Now we had loud argument at home plate about the call there (R1 was safe) so the defense missed one out. I tried to get attention of third base coach and U3 to reverse the call there because of obstruction. When I finally get it, I pointed the kid who was already sitting in the dugout and told him to get back to base. And in comes the DC, really upset, because now I took the other out away. He claimed that he saw no collision at second base. That was true, because he was looking at the play at home. Finally I got it cleared on the field.

As I was returning to my position one father started yelling me behind the fence that I had no knowledge of the rules etc. I don't know what went to me but I walked to him, listened to his tantrum - no profanities, which was nice. And before I managed to say anything he finished with words: "Now you want me to go to parking lot, don't you?" What else can I say but: "Yes, please".

Anyway, the result of this: we were denied to use three-man-system any more at that PONY area.

MS

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Anyway, the result of this: we were denied to use three-man-system any more at that PONY area.
Sounds like how the league in my hometown might react. The umpires get it right, so punish them (and thus the league punishes themselves) to prevent them from getting anymore difficult calls right. Some people...:shakehead:
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Frenchblue (I mean Matt - lol)

I actually did that once and the manager flipped out. I then proceeded to tell the manager why I had done that. After he had finished talking (he was still animated about the whole situation) I politely asked him if he would of rather had me throw out his player for showing up the umpire (I have replied to a thread that goes more in depth on showing up an umpire). He then quickly shut his moutha nd returned the dugout. I did not have another problem with that team nor did I hear any complaining from that side of the field the rest of the game.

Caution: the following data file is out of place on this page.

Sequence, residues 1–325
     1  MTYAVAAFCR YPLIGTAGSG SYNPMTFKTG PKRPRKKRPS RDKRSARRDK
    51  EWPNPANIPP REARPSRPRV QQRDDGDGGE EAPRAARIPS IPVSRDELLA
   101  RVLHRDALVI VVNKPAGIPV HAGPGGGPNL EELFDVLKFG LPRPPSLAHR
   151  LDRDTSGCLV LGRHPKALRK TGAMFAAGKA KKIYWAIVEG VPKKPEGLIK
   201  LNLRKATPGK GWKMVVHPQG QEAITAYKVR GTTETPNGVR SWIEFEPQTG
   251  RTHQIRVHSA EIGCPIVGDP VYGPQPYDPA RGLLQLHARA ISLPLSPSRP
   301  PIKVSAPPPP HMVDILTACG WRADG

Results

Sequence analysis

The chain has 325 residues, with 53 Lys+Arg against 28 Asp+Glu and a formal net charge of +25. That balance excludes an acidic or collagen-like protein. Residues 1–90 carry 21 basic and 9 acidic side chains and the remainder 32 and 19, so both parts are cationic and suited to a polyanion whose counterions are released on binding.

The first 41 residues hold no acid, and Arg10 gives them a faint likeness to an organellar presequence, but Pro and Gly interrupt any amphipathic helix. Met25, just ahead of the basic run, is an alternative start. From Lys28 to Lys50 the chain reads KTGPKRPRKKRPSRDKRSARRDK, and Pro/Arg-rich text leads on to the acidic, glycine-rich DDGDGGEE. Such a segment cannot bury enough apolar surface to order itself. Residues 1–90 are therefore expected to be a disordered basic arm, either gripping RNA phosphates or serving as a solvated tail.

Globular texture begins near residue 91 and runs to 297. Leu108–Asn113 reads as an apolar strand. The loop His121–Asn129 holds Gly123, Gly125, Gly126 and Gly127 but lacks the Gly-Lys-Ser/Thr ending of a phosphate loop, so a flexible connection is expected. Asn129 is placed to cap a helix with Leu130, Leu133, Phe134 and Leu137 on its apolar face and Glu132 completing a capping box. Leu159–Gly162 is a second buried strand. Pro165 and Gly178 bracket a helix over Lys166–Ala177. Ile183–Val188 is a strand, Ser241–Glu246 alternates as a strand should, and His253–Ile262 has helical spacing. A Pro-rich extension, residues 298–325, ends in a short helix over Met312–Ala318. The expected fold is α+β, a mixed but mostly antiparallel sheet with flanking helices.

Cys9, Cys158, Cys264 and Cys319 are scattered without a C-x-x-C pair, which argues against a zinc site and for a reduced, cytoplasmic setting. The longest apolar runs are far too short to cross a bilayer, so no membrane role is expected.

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Coach bringing the rule book onto the field is a no-no in an attempt to show up the umpire if you ask me. He probably woulda been gone right then and there.

I compare that to be the same as the batter drawing a line in the box.

constable,

i was wondering if you eject a batter for drawing lines on you the first time it happens?

what i usually do if a batter draws a line on me (and lets say the BR is a RHH) and draws a line halfway into the LHH batter's box showing me where he thought the pitch was. i polietly ask him for the bat, and draw a line halfway into the RHH batter's box, same distance from the plate as he drew his line in the other box. i give him that bat back and tell the BR "that's your stike zone now" (loud enough for the catcher to hear). then you pray the pitch is in between the lines you and the BR drew.

i learned the technique from a gentlemen who has done a CWS. he could not keep guys from drawing lines on him, even after warning and ejecting. so he tried something a bit stronger and now he teaches the technique at clinics. great man

frenchblue

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constable,

i was wondering if you eject a batter for drawing lines on you the first time it happens?

what i usually do if a batter draws a line on me (and lets say the BR is a RHH) and draws a line halfway into the LHH batter's box showing me where he thought the pitch was. i polietly ask him for the bat, and draw a line halfway into the RHH batter's box, same distance from the plate as he drew his line in the other box. i give him that bat back and tell the BR "that's your stike zone now" (loud enough for the catcher to hear). then you pray the pitch is in between the lines you and the BR drew.

i learned the technique from a gentlemen who has done a CWS. he could not keep guys from drawing lines on him, even after warning and ejecting. so he tried something a bit stronger and now he teaches the technique at clinics. great man

frenchblue

Most times I would. Drawing a line is an attempt to show up the umpire.

That's not cool. If you show me up, it's gonna be a quick evening for you.

I don't have a quick trigger finger and am all about warnings ( I'm a cop, I know all about picking my battles) but there are certain things that you cannot allow.